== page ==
U.S. officials consider death penalty for El Paso suspect, investigate as domestic terrorism

National/World News

A sign is posted near the scene of a mass shooting at a Walmart which left at least 20 people dead on August 4, 2019 in El Paso, Texas. A 21-year-old male suspect, identified as Patrick Crusius from a Dallas suburb, surrendered to police at the scene. At least 26 people were wounded in the shooting. (Photo by Mario Tama/Getty Images)

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EL PASO, Texas — A Justice Department official said Sunday the federal government is treating the El Paso shooting that killed 20 people as a domestic terrorist case.

U.S. Attorney John Bash said at a news conference in El Paso that the federal government is also investigating the attack at a shopping plaza with a view toward bringing federal hate crime charges.

Authorities have been working to confirm whether an anti-immigrant screed posted online shortly before the attack was written by the suspected gunman, a 21-year-old man.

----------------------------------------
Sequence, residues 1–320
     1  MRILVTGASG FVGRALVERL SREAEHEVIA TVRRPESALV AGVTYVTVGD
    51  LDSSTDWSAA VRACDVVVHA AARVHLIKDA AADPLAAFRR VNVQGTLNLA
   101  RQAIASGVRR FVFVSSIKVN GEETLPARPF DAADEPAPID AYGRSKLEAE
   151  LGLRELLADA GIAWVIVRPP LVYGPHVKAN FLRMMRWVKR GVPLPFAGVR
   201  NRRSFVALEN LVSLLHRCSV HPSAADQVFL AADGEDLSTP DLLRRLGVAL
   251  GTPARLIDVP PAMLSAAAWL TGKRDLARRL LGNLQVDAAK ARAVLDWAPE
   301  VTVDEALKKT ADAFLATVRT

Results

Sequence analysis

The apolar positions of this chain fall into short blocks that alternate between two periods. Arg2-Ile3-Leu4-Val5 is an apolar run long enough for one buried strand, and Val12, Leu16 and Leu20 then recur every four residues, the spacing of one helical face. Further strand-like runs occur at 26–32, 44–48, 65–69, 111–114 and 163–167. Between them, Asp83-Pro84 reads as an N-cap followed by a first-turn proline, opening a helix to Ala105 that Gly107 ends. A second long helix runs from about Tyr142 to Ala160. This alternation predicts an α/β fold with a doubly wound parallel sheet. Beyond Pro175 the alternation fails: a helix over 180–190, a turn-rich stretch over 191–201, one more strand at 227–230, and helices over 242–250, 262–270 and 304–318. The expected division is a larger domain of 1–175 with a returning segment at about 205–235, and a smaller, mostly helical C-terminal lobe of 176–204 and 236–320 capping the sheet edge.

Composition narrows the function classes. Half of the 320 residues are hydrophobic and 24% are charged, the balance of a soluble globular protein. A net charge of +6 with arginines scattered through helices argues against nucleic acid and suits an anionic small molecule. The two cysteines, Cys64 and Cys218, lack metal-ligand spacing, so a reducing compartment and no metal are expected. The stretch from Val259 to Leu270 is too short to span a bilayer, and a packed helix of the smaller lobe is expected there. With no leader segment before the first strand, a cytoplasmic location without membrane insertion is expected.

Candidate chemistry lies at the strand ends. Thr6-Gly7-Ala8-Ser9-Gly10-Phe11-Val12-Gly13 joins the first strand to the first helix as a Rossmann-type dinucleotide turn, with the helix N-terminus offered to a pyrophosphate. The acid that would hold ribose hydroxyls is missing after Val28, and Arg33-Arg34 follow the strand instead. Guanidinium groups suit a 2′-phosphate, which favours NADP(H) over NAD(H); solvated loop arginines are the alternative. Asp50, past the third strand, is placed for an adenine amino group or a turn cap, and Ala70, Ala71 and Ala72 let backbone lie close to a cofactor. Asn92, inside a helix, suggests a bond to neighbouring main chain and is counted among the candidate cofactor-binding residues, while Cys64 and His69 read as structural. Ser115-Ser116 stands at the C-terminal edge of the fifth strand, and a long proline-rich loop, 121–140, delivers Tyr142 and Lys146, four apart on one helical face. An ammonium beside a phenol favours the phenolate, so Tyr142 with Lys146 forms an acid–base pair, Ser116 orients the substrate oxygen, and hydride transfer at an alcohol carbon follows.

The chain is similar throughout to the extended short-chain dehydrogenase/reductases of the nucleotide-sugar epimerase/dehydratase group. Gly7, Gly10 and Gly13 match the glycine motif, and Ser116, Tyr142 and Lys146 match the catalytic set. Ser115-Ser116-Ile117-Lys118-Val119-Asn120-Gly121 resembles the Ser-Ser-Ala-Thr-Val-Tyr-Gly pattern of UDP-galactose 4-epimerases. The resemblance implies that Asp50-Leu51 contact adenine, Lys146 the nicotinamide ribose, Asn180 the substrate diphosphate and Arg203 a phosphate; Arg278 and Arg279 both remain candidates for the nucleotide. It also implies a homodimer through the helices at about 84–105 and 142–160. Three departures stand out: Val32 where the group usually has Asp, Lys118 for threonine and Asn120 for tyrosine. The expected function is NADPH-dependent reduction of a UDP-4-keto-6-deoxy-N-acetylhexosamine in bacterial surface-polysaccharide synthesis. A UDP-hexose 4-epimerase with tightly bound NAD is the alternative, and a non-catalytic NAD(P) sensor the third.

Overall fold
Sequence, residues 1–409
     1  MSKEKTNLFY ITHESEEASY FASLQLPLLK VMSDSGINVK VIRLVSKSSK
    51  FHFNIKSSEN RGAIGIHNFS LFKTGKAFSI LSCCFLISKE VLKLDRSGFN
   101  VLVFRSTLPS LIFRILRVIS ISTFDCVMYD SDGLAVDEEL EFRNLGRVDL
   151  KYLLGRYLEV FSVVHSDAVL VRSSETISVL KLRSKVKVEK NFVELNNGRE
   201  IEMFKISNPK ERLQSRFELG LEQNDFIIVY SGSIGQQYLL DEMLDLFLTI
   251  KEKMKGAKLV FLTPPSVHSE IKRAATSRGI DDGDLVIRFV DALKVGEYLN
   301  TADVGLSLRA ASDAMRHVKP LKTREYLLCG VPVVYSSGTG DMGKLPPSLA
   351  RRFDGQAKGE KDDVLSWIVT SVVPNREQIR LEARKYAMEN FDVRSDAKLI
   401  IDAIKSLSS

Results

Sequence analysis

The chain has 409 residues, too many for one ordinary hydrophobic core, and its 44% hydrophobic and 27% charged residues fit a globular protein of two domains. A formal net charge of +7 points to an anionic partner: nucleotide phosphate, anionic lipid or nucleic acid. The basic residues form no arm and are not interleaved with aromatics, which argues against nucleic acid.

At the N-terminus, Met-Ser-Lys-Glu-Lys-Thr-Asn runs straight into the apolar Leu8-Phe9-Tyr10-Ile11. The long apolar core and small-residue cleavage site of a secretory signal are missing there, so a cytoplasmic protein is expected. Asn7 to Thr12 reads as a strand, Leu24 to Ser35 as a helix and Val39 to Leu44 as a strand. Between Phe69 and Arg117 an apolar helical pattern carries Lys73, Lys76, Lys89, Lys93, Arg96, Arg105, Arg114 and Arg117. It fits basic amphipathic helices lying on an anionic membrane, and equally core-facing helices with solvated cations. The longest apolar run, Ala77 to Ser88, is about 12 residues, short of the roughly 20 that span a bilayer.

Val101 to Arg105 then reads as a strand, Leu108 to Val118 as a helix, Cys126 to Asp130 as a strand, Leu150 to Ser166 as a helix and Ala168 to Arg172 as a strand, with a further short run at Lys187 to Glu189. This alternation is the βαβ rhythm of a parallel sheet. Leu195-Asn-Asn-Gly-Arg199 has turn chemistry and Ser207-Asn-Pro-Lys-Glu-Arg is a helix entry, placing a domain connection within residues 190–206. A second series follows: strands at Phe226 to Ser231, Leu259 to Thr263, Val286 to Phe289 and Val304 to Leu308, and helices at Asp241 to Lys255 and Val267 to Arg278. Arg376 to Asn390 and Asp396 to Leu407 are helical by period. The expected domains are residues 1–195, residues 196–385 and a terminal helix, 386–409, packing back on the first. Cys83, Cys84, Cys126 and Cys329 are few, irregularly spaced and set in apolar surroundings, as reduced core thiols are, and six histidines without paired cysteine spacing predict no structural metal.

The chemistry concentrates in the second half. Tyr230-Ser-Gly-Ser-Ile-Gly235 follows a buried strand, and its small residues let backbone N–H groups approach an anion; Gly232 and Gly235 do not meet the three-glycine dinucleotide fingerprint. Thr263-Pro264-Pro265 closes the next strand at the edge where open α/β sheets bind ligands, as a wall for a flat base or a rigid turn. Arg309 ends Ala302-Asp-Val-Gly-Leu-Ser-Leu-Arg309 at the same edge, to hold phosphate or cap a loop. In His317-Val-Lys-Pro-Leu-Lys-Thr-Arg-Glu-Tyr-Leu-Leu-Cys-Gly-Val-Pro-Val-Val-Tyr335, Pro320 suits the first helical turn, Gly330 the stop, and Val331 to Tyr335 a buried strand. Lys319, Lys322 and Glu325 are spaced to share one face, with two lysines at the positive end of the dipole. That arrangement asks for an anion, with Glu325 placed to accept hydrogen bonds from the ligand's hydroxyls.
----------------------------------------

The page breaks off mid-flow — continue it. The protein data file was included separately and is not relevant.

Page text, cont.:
El Paso County District Attorney Jaime Esparza told reporters that Texas also plans to seek the death penalty.

El Paso police Chief Greg Allen said “we have to attribute that manifesto directly to him.”

The document posted online expressed concern that an influx of Hispanics into the United States will replace aging white voters, potentially turning Texas blue in elections and swinging the White House to the Democrats.

When asked whether the shooting was a hate crime, Allen said “it’s beginning to look more solidly like that is the case.”

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